he Great Gatsby didn't win the box office in its opening weekend, finishing second behind the profit juggernaut known as Iron Man 3. Still, Gatsby posted an impressive $51 million take, exceeding some Hollywood predictions by upwards of $20 million. It's a promising start for Baz Luhrmann's lavish 3D version of the F. Scott Fitzgerald classic, which Hollywood has been failing to successfully adapt for nearly a century. But how does Gatsby's box-office haul compare to other recent film adaptations of literary classics? A brief look back...
Pride and Prejudice
Keira Knightley starred in this 2005 adaptation of the Jane Austen classic about love and conflict between social classes. The movie scored $121 million worldwide — but only $38 million of that came domestically, and less than $3 million was pulled down during a limited-release opening weekend. Still, the movie impressed critics, if not mainstream American audiences. "For all its romantic gloss and finery, the film still reflects Austen's keen scrutiny of social mobility and the Darwinian struggle of the hungriest to advance by wielding whatever leverage is at hand," wrote Stephen Holden in The New York Times.
The Chronicles of Narnia: The Lion, the Witch and the Wardrobe
The first part of the Narnia series took in over $745 million worldwide, making it one of the 50 highest-grossing movies ever. And Wardrobe got off to a fast start, driving $65 million in sales in the first weekend. Even though C.S. Lewis had publicly stated that he never wanted the books to be turned into movies, fans of the children's classic were clearly to eager to see at least this story on the big screen. (The subsequent two films in the series didn't match Lion's fortune, and, as a result, plans to turn the rest of C.S. Lewis' franchise into movies were scrapped.)
A Christmas Carol
2009 saw an animated retelling of Charles Dickens' classic novel, starring Jim Carrey. It paid off for Disney, as the movie brought in $325 million worldwide. A Christmas Carol bagged $30 million in the first weekend, tops for the week. (Some Hollywood insiders claimed that this amounted to a big loss for such a big-budget film, but studio executives fought back that they had made a profit.) What's perhaps most noteworthy about this movie's financial success is that for Dickens, the novel was "a grave financial disappointment," according to The Guardian. Despite good sales, the book cost so much to produce that Dickens didn't walk away with much at all. But he couldn't blame anyone but himself, as Dickens insisted on selling A Christmas Carol with a fancy binding and gold lettering on the spine and front cover.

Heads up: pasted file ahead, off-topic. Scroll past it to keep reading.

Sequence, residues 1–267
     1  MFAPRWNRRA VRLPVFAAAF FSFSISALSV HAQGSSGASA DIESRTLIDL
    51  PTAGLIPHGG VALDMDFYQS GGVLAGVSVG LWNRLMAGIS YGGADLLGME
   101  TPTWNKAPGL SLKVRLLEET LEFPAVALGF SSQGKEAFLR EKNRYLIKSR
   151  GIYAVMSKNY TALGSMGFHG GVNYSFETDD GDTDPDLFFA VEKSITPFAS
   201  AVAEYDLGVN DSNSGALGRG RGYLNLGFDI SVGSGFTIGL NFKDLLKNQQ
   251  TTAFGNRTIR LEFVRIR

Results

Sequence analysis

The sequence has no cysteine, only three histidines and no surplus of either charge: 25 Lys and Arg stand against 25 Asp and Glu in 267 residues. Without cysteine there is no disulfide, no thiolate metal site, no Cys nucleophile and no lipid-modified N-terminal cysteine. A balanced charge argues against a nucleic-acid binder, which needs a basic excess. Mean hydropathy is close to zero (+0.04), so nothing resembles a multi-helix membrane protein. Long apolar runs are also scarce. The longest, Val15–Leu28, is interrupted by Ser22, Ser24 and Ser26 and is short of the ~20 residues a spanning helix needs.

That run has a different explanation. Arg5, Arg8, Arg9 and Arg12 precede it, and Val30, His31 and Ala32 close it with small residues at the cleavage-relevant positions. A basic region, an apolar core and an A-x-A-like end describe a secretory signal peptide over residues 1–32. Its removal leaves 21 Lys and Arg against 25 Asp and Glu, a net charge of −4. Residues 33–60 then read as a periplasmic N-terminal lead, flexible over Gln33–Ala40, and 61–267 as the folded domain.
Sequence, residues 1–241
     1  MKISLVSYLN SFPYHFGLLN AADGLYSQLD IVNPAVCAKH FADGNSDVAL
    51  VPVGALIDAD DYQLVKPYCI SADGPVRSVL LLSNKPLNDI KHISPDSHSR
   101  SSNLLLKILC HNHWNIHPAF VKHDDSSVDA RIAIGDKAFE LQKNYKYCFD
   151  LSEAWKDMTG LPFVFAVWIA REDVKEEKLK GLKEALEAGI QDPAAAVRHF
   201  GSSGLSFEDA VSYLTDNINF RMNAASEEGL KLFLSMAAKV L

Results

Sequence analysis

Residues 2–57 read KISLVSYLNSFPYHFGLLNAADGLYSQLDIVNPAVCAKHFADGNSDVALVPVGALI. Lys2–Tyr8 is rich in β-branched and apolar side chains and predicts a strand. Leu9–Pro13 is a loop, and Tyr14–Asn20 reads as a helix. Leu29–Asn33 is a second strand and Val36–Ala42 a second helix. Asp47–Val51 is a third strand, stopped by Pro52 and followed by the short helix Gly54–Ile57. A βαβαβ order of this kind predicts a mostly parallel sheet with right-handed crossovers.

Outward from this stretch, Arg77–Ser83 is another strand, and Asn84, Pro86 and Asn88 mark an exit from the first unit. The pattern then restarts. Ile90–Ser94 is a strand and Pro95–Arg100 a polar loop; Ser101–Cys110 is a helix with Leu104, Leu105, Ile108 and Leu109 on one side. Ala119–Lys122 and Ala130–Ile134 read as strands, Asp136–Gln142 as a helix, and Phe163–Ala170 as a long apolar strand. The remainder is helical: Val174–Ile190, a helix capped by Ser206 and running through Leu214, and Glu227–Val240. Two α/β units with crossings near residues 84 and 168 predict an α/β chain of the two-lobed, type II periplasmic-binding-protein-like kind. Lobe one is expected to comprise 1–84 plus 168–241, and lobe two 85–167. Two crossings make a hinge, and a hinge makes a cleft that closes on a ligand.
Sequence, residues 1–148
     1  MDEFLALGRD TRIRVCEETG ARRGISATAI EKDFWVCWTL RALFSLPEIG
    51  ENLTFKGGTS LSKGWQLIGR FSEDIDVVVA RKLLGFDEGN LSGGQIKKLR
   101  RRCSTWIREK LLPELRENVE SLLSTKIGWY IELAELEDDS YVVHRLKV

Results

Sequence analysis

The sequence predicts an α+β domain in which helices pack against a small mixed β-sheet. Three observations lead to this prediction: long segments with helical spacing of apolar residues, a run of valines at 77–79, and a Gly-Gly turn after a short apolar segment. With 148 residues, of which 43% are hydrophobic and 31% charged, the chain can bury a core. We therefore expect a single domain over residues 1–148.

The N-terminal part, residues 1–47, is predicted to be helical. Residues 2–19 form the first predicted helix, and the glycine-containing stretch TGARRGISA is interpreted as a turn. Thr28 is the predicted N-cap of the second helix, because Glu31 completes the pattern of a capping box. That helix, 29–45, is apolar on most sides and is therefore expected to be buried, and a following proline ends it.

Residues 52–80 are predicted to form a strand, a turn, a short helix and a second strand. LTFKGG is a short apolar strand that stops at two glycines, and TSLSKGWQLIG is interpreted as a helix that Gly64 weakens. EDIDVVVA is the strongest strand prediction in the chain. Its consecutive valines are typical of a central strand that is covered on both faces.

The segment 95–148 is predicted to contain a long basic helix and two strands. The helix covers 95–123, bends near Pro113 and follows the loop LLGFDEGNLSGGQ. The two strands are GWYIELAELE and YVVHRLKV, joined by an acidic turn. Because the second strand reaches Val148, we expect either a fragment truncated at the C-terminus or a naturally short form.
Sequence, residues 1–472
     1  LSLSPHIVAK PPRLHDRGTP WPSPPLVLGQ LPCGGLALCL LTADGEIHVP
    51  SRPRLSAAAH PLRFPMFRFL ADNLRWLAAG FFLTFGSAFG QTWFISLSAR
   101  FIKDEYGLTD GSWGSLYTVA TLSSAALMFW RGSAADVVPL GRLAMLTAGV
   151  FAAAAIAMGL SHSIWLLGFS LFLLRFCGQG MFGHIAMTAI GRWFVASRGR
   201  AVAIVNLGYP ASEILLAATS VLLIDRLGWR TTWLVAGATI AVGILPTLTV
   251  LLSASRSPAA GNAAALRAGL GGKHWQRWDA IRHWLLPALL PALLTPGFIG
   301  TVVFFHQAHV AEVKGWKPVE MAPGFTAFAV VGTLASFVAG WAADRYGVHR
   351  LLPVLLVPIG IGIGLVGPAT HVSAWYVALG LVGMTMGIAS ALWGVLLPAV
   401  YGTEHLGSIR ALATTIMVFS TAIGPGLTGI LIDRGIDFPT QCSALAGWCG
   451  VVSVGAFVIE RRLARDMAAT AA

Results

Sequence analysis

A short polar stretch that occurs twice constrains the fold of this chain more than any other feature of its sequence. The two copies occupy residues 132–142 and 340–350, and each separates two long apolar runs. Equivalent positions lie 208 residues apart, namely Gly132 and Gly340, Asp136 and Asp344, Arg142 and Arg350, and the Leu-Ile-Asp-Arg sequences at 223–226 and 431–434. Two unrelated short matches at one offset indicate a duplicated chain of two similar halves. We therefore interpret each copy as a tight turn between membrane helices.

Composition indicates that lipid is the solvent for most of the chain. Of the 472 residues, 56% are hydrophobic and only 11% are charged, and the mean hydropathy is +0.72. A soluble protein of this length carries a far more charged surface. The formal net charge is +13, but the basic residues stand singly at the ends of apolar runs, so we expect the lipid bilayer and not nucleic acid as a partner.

The 2011 version of the Charlotte Bronte novel — unbelievably, the 19th Jane Eyre movie — cleared just $32 million at the box office. Besides potential audience fatigue, the film may have been plagued by its lack of a recognizable star. Mia Wasikowska isn't exactly a household name.
Last year, Keira Knightley starred as the lead in Tolstoy's tale of an aristocrat who has a life-altering affair with Count Vronsky. The film brought in $69 million worldwide, but failed to impressed American viewers. It registered just $320,690 in its limited-run opening weekend, and a paltry total of $12 million in this country overall. Besides failing to woo mainstream audiences, Anna Karenina also failed to delight literary buffs. "It's a cinematic Cliff's Notes," said The New Yorker's Richard Brody, "a tricked-up borrowing of Tolstoy's plot and characters, by way of which filmmakers adorn themselves with literary laurels despite showing, in their film, none of the inspiration, insight, originality, or depth of character of the novel they digest."
Les Miserables pocketed $400 million worldwide this past winter, and was nominated for eight Academy Awards, winning three. The film was surely boosted more by its Broadway fame than its renown as a 19th-century French novel, but either way, Les Mis scored the second highest grossing holiday debut in Hollywood history. It's also the second highest-grossing musical of all time, behind Mamma Mia! On just its opening day, a Tuesday, Les Mis generated $18 million domestically.
At the same time Les Mis was storming the box office, The Hobbit: An Unexpected Journey was delighting fans of J.R.R. Tolkien's fantasy classic. The Hobbit made $84.7 million on its opening weekend in the U.S. In total, the film has grossed over $1 billion at the box office worldwide, and was nominated for three Academy Awards. And two more Hobbit films are on the way...
THE WEEK'S AUDIOPHILE PODCASTS: LISTEN SMARTER
- Who are the real gay marriage bigots?
- Why is American internet so slow?
- Don't worry: World War III will almost certainly never happen
- What would a U.S.-Russia war look like?
- Religious liberty should be a liberal value, too
- What the collapse of the Ming Dynasty can tell us about American decline
- 10 things you need to know today: March 7, 2014
- Watch The Daily Show mock Fox News' confused man-crush on Vladimir Putin
- The Daily Show explains Hamid Karzai's 'Afghan Hustle'
- Russia's Ukraine invasion is a moral crisis
Subscribe to the Week